What pet owners can learn from the story of a lost dog that was returned 6 months later

When a dog runs off, it can leave an owner panicked and desperate. However, the story of a dog that was returned after six months on the run offers some hope for those still looking, and some practical advice for all dog owners.

Something spooked 3-year-old Autumn, a Finnish Spitz mix, while out for a walk in December. In a flash, the little dog was gone, trailing her leash behind her along Virginia’s streets.

Jennifer Toussaint, Chief of Animal Control for the Animal Welfare League of Arlington, remembers first hearing about the case that would demand all her animal handling and corralling skills.

“The call came in Dec. 28, 2023,” she told WTOP.

Reports of sightings followed immediately after Autumn was first reported missing, including the kind that no dog owner or dog lover wants to hear.

Toussaint said one caller reported seeing a dog matching Autumn’s description, “dragging a leash, heading onto the direction of one of the highways here in Arlington.”

It’s the kind of call Toussaint calls “terrifying.”

Then the reported sightings stopped cold.

“We went all the way through January with Autumn being spotted absolutely nowhere in Arlington’s community,” Toussaint said.

Any pet owner might despair at that point, but not Toussaint and her team. Though there was some frustration.

“Here in Arlington, we traditionally recover animals fairly quickly. … So, the team was just baffled.”

Autumn was going to be a challenging case for another reason, Toussaint said. She had only recently been adopted and was just getting to know her new owner. Autumn had been raised on a farm in Korea where dogs are sold for meat.

“And so everything was terrifying to her,” Toussaint said, making capture very tricky.

Then in February, they got a break: a reported sighting of a dog that appeared to be Autumn, now dragging just a scrap of her leash from her collar. She was darting from the National Cemetery in Arlington to the grounds of the Fort Meyer Military installation.

The next step was to “centralize” Autumn — a process aimed at getting a dog to stop running and, instead, stick to a smaller area, where the likelihood of a recovery increases.

The team from AWLA spent months working to gain Autumn’s trust through food that appealed to her, but found she was quick to sense any attempt to trap or capture her.

So Toussaint and her team settled in, making only the tiniest adjustments to the traps they were using, hoping that Autumn would eventually enter one.

They even used the skills of a volunteer who “was able to create a laser tripping mechanism,” which would automatically close as soon as Autumn entered the trap. And it worked.

“Slow and steady sometimes does win the race,” Toussaint said.

If your dog takes off: What to do

During the Fourth of July holiday weekend, dogs that are normally easygoing may be spooked by the noise and take off. And while ThunderShirts, dance parties and anxiety meds can help, they can’t always keep a beloved pet from running away.

Toussaint said, when all else fails, there are some ways to boost the likelihood that an owner’s beloved pet can be recovered quickly and safely.

“Remember that time is important,” Toussaint said. “Our pets can move very far in a short period of time.”

Don’t be surprised if, when you do spot them, they turn away and run off.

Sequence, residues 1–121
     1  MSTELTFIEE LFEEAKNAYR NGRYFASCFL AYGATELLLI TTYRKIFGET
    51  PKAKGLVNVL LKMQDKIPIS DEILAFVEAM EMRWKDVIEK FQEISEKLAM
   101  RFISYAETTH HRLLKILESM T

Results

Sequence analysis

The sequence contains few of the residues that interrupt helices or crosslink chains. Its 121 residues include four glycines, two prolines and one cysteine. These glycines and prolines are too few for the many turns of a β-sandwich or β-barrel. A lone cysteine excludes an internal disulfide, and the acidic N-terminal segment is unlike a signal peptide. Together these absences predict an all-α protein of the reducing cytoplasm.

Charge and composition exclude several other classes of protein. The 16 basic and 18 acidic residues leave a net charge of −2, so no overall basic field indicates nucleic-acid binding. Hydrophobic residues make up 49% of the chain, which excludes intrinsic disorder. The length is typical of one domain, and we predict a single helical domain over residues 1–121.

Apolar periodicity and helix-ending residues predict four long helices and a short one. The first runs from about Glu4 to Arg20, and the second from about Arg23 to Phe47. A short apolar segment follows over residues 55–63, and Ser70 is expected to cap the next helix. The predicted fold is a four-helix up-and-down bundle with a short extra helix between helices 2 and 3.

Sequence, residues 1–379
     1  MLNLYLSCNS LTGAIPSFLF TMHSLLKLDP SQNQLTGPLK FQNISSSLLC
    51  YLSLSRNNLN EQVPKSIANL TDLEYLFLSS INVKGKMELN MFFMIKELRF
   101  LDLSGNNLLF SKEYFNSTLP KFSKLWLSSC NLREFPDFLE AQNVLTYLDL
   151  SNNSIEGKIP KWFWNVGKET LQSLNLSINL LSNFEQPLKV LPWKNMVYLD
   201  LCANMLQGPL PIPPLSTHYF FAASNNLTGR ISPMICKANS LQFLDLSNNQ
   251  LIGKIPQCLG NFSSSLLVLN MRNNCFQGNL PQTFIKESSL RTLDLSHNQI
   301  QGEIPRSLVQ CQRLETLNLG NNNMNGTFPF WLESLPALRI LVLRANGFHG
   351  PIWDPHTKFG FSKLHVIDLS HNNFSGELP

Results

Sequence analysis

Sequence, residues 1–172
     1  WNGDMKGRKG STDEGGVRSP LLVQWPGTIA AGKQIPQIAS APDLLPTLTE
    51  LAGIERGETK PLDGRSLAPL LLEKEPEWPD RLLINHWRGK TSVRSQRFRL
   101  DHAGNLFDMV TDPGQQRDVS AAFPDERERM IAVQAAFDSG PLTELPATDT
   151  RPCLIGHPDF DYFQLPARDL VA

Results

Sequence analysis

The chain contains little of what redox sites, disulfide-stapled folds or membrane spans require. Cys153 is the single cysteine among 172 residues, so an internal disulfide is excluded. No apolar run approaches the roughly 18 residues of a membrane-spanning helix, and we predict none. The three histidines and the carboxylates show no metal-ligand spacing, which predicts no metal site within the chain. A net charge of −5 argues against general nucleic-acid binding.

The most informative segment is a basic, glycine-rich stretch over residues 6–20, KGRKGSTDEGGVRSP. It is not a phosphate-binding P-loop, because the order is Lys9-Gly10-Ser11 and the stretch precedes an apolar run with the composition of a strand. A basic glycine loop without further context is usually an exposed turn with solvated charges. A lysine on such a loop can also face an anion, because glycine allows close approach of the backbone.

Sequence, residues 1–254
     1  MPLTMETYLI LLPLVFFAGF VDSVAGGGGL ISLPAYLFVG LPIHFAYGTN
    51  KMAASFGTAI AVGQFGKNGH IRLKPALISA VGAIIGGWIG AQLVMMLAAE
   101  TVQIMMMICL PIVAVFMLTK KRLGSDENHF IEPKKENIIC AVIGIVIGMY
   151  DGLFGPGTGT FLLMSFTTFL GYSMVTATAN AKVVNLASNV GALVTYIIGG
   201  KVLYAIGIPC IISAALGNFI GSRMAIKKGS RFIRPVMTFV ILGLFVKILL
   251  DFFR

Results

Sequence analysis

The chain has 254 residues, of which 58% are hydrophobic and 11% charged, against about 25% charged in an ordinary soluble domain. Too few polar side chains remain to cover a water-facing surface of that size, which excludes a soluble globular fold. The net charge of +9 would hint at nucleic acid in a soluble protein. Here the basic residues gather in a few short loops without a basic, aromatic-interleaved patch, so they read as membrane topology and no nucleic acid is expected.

Toussaint said when pets run away after a scare, they aren’t really themselves. Animals quickly become overwhelmed and disoriented by their surroundings, with cars honking at them, or strangers trying to be helpful and chasing after them.

First, be sure that your dog has identification of some sort and is microchipped. That will increase the likelihood of a quick return. Toussaint said, with that information, you can begin calling your local shelter immediately.

“And if by hour two or three, you’ve not located your pet, start reaching out further,” she said.

Toussaint said so many people in the D.C. area commute long distances or regularly travel from one jurisdiction to another, so it’s important to contact area shelters beyond your neighborhood.

“We’ve had pets from Arlington end up at the D.C. animal shelter,” she said.

The animal control chief also said to make use of all those photos of your pet on your phone, adding that clear, full body images are helpful.

“Get on your local Nextdoor, get on your community Facebook page, post the picture of your pet lovingly sleeping on your couch or playing with your children in the backyard and say, ‘Help, my pet is missing!'”

And when making fliers to post on social media or in your neighborhood, include one, clear message — the word “reward.”

“You don’t have to list what the reward is,” simply including the word in bold letters at the top “increases its visibility by 70%,” said Toussaint.

When those types of fliers are posted in neighborhoods, she said people tend to stop and often take a photo of it just in case they spot the missing animal.

And finally, Toussaint said, don’t lose hope.

“Diligence is really important. Continue to post, continue to get the message out to the region that your pet is missing. You never know,” she told WTOP.

Toussaint hopes that every missing pet is reunited, just like Autumn was reunited with her owners. And yes, she said, there were tears — lots and lots of happy tears.

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Kate Ryan

As a member of the award-winning WTOP News, Kate is focused on state and local government. Her focus has always been on how decisions made in a council chamber or state house affect your house. She's also covered breaking news, education and more.

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